The story of the Chilean miners who were trapped underground for more than two months is on its way to the big screen.
The 33 miners have sold the rights to their story to producer Mike Medavoy. The film will recount the remarkable plight of the miners who were trapped for 69 days after the mine they were working in collapsed.
Medavoy grew up in Chile and has produced films including "Shutter Island" and "Black Swan." "Motorcycle Diaries" screenwriter Jose Rivera is set to write the script.
The production will also draw on the book being written about the miners by Pulitzer Prize-winning journalist Hector Tobar.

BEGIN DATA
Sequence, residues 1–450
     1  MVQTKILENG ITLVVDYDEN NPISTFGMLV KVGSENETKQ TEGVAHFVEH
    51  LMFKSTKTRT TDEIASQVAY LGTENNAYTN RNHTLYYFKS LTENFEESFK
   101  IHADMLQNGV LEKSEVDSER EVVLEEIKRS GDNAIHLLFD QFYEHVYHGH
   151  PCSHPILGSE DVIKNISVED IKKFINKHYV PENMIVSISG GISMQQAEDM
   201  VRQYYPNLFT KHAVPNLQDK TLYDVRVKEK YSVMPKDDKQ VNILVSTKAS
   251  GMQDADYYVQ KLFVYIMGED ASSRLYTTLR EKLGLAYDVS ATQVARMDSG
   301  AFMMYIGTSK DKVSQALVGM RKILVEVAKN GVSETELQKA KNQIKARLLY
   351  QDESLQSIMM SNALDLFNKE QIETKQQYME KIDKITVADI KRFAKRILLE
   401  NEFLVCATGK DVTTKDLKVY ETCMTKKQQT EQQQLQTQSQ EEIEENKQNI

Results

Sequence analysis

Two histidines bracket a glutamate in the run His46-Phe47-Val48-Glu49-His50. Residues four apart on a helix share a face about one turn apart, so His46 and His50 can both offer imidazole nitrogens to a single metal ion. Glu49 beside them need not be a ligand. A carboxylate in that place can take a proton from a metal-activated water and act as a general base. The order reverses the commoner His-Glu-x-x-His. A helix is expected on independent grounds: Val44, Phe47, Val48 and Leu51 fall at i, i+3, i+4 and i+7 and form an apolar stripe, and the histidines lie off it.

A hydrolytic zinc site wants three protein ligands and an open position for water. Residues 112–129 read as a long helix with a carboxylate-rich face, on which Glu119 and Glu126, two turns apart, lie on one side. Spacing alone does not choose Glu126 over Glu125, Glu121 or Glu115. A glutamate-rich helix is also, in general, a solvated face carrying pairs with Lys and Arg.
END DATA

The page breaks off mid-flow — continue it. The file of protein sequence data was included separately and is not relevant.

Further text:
The miners are represented by William Morris Endeavor Entertainment.
Production is scheduled to begin next year.
"At its heart, this is a story about the triumph of the human spirit and a testament to the courage and perseverance of the Chilean people," Medavoy said. "I can't think of a better story than this one to bring to the screen."
Miner Juan Andrew Illanes called the project "the only official and authorised film about what we lived in the San Jose mine."
"Much of our story has never been told," he said.
The film will face obvious dramatic hurdles in that its conclusion - that all the miners were safely rescued - is already widely known. That much of their trial was in utter darkness, too, would not seem to easily lend itself to a cinematic rendering.
No studio is yet attached to distribute the film.